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In ActionScript 3.0 in Flash Professional CS5 Essential Training, Todd Perkins shows Flash designers how to incorporate ActionScript code into their projects and create interactive presentations and applications. The course includes a review of ActionScript language basics and the object-oriented programming (OOP) methodology, a tour of those Flash Professional CS5 features designed for developers, such as code hinting and the Code Snippets panel, and instructions on interacting with objects in the Library and placing code on the Timeline. Exercise files are included with the course.
Once you've loaded XML data into Flash, you can work with that data using dot syntax. That's part of the benefit of XML being native in ActionScript 3.0. Here if I test the movie, you can see the XML data in the Output window. Let's take a look. So we have the images root element and then inside of there are image child elements, and each one of those elements has an attribute called file that has the file name of an image.
Now, let's say we want to access the file name of each image. Let's go back to our code and see how to do that. We'll just leave this code in a trace statement for now. We'll look at applying it to an actual image later on. So after imagesXML, you can type a dot and then type image. Now if you test the movie right now, here is what you'll get. Let's look in the Output window.
This actually gives us a list of all the child elements named image. So if we go back to our code, imagesXML represents that outer XML element. It has a child called image. When we reference image, Flash gives us a list of XML objects. The datatype of this list is called XMLList. It looks like this: XML in all caps, and then List with the capital L. If you want to know everything you can do with an XMLList, highlight it, and press F1 on your keyboard.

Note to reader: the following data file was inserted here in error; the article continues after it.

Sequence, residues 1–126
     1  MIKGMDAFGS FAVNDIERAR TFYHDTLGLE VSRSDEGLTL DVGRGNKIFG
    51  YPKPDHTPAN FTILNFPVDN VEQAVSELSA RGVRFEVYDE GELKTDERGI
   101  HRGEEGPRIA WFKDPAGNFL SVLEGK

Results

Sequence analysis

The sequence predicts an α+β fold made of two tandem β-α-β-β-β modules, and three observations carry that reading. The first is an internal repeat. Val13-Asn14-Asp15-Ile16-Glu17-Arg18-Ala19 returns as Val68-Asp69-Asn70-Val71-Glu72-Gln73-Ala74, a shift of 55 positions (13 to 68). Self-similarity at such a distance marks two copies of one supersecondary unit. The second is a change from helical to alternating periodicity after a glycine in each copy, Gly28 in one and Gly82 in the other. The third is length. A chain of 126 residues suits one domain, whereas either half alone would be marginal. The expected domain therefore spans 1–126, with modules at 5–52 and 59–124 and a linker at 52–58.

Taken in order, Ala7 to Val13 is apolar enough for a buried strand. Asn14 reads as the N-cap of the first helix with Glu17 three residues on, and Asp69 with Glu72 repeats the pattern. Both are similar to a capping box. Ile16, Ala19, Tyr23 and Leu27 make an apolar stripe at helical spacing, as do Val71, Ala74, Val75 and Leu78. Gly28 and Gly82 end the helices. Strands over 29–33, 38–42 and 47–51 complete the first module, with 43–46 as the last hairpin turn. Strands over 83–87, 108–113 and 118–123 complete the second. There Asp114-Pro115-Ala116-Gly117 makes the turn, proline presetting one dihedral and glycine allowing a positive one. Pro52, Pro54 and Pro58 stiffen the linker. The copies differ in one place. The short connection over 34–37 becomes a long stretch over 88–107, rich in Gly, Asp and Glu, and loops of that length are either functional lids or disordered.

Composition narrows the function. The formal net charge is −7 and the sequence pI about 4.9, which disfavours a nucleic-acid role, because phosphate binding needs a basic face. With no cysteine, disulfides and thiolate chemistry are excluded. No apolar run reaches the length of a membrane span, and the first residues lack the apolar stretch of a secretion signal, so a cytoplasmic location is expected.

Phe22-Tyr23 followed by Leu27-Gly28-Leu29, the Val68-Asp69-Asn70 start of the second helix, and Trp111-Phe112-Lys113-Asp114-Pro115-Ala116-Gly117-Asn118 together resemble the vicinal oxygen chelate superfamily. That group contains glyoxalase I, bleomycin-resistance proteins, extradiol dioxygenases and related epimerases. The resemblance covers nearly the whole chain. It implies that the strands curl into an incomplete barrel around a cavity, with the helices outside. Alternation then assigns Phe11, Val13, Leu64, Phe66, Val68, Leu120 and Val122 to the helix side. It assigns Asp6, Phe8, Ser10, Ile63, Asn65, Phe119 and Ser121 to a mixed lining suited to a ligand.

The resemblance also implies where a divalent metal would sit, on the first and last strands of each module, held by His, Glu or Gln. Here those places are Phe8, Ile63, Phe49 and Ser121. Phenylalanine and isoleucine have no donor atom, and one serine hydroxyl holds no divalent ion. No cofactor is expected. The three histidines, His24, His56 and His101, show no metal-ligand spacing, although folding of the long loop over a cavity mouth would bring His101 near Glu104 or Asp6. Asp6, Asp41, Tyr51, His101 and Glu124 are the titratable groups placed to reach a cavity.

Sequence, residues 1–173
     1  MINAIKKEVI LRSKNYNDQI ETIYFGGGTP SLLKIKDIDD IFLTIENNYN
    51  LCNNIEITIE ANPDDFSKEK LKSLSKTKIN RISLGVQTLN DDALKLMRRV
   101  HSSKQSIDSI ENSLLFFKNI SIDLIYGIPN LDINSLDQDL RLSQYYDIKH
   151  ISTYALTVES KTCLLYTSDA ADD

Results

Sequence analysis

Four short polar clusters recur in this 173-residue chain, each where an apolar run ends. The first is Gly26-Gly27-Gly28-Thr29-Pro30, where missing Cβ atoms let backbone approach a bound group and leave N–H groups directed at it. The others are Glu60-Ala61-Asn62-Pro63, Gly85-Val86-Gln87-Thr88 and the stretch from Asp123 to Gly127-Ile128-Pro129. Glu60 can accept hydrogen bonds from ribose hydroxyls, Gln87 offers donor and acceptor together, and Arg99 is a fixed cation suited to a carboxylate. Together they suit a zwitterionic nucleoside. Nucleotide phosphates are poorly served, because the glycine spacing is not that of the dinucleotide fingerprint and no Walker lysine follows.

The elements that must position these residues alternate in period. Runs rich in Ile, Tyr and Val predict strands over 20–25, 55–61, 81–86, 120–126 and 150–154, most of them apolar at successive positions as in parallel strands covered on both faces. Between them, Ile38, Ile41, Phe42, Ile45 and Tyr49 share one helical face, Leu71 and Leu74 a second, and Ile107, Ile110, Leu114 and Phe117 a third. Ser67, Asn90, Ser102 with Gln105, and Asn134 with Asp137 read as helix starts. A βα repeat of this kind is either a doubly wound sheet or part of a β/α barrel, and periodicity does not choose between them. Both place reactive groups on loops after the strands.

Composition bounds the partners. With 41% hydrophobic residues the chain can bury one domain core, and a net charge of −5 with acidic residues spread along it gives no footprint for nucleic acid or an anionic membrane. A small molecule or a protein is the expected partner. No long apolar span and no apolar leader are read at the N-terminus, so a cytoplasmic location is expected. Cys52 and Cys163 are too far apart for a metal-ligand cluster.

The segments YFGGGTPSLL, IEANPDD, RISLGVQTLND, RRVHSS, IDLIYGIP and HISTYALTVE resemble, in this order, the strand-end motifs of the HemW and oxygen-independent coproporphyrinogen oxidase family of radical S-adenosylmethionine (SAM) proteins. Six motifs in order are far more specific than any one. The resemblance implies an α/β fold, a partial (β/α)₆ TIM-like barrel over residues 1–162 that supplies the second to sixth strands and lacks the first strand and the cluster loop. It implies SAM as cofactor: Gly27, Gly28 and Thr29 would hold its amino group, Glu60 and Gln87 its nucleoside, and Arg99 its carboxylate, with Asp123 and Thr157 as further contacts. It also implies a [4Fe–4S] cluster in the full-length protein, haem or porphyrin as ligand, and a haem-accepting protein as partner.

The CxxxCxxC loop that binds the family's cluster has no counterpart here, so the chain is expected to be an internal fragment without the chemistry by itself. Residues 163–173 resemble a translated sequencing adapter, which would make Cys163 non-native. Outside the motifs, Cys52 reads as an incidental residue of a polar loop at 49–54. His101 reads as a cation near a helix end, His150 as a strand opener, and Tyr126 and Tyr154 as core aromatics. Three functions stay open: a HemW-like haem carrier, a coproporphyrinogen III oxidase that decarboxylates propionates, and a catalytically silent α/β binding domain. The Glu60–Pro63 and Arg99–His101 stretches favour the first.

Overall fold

For now, we're going to look at something basic. Let's say we wanted to only access one object in a XMLList. After image, we can use square brackets, just like when you're working with an array. Remember that when you're working with an array, the first index is 0 and not 1. So type in 0, test the movie, and then we don't get anything. Now, that actually is not a bad sign. The reason for that is that the image element doesn't have any child elements, or child data at all.
So that's what we're actually seeing here. When we reference that image, we're seeing any children or any data that's inside of that image element, and right now there's not anything. The data that we want to access is inside of an attribute of that element. So again, we're accessing the first image element, and when we reference that image by itself, we don't see anything just yet. After the close square bracket, type a dot and then type an at symbol, this stands for attribute, and then type in the attribute name that you want to access.
That's called file. So inside of the image element, there is an attribute called file, and this is how you access it. Test the movie, and there is the data that we're looking for. So to review, when you create a new XML object with loaded data, that XML object represents the root of the loaded data. So in this case, it would be the images element. When you access child elements that have the same name, Flash gives you an XMLList, which is different from an XML object.
You can access single elements in that list by using square bracket notation and an index number, just like when you're working with an array. Once you have access to an element, you can access attributes of that element by typing a dot and then by typing at symbol and the attribute name. So by using this line of code, we're able to access specific names of files that we want to work with. So remember that E4X enables you to work with XML data using dot syntax.
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